Lost in translation

In Classical Music, Opera, Review on October 4, 2015 at 3:31 pm

Review – Orphée et Eurydice (Royal Opera House, Saturday 3 October 2015)

Orphée – Juan Diego Flórez
Eurydice – Lucy Crowe
Amour – Amanda Forsythe

Directors – Hofesh Shechter & John Fulljames
Designer – Conor Murphy
Lighting Designer – Lee Curran
Choreographer – Hofesh Shechter

Hofesh Shechter Company
Monteverdi Choir
English Baroque Soloists

John Eliot Gardiner (Conductor)

It’s a shame that Gluck is not performed more often in London. Rameau, thanks to be English National Opera and the Orchestra of the Age of Enlightenment, doesn’t do too badly, but Gluck does miserably. So I was excited to see this production and was fortunate – in some ways – to be able to see the final performance following an unexpected change in my diary.

So it was a tad disappointing that, despite a clear intention, that the Royal Opera House production of Orphée et Eurydice is a hit and miss affair. And that the misses could so easily have been avoided, as they were very few.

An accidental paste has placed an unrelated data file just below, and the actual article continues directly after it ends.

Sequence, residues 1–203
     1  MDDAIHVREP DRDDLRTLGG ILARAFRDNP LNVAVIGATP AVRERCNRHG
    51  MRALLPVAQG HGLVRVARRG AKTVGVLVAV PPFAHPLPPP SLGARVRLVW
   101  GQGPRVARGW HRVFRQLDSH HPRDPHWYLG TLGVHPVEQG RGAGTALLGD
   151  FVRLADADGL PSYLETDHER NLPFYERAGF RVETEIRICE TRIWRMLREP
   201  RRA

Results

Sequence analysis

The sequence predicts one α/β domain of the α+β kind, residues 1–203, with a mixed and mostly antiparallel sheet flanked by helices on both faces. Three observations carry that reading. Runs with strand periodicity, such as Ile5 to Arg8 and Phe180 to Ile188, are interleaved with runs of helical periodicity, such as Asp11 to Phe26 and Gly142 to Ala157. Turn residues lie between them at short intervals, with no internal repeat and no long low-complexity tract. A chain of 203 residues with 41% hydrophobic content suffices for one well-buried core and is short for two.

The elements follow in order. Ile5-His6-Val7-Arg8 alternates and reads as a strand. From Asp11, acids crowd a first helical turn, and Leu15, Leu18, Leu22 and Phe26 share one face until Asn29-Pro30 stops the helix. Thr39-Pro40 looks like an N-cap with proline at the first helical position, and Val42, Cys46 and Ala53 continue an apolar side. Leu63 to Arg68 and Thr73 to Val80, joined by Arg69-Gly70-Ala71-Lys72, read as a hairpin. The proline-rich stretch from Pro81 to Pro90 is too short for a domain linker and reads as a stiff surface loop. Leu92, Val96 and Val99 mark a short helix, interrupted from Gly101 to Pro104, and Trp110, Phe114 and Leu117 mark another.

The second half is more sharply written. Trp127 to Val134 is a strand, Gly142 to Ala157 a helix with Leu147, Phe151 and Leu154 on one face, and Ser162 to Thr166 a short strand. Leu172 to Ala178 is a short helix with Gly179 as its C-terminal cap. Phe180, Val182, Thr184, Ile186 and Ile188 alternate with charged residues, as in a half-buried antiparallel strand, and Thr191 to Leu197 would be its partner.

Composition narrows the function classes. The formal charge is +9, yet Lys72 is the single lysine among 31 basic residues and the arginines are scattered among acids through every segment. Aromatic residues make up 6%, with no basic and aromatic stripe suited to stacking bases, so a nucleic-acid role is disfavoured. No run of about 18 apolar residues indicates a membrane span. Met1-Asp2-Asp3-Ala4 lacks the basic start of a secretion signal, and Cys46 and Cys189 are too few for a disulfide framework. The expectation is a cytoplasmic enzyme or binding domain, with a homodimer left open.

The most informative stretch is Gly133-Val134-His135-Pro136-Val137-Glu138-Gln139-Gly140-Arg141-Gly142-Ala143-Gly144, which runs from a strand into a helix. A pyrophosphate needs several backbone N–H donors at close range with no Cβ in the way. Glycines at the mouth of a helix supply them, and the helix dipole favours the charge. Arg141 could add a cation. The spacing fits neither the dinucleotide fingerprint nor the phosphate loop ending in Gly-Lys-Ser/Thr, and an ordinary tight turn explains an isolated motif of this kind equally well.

But first, simply how magnificent were the English Baroque Soloists and Monteverdi Choir under the baton of John Eliot Gardiner? There was a vibrancy, energy and sheer simplicity to both playing and singing that cut straight to the original intentions of Gluck. No frills. No affectations. Just simple, beautifully articulate performances of music they clearly love and cherish.

If one single moment in the opera stands out, it was the opening of the second act as the chorus confronted Orphée’s attempts to enter Hades. Their physicality perfectly matched the music, as did their subsequent yet gradual change of heart.

From the orchestra itself, Gardiner coaxed wonderfully pliant and magical playing from the flute and oboe soloists as well as unearthing the right timbre for the brass throughout.

Playing and singing of that calibre is all to often missing from the opera houses in London at the moment. Let’s hope that Covent Garden ask the ensemble to return again, although hopefully within a more inspiring production.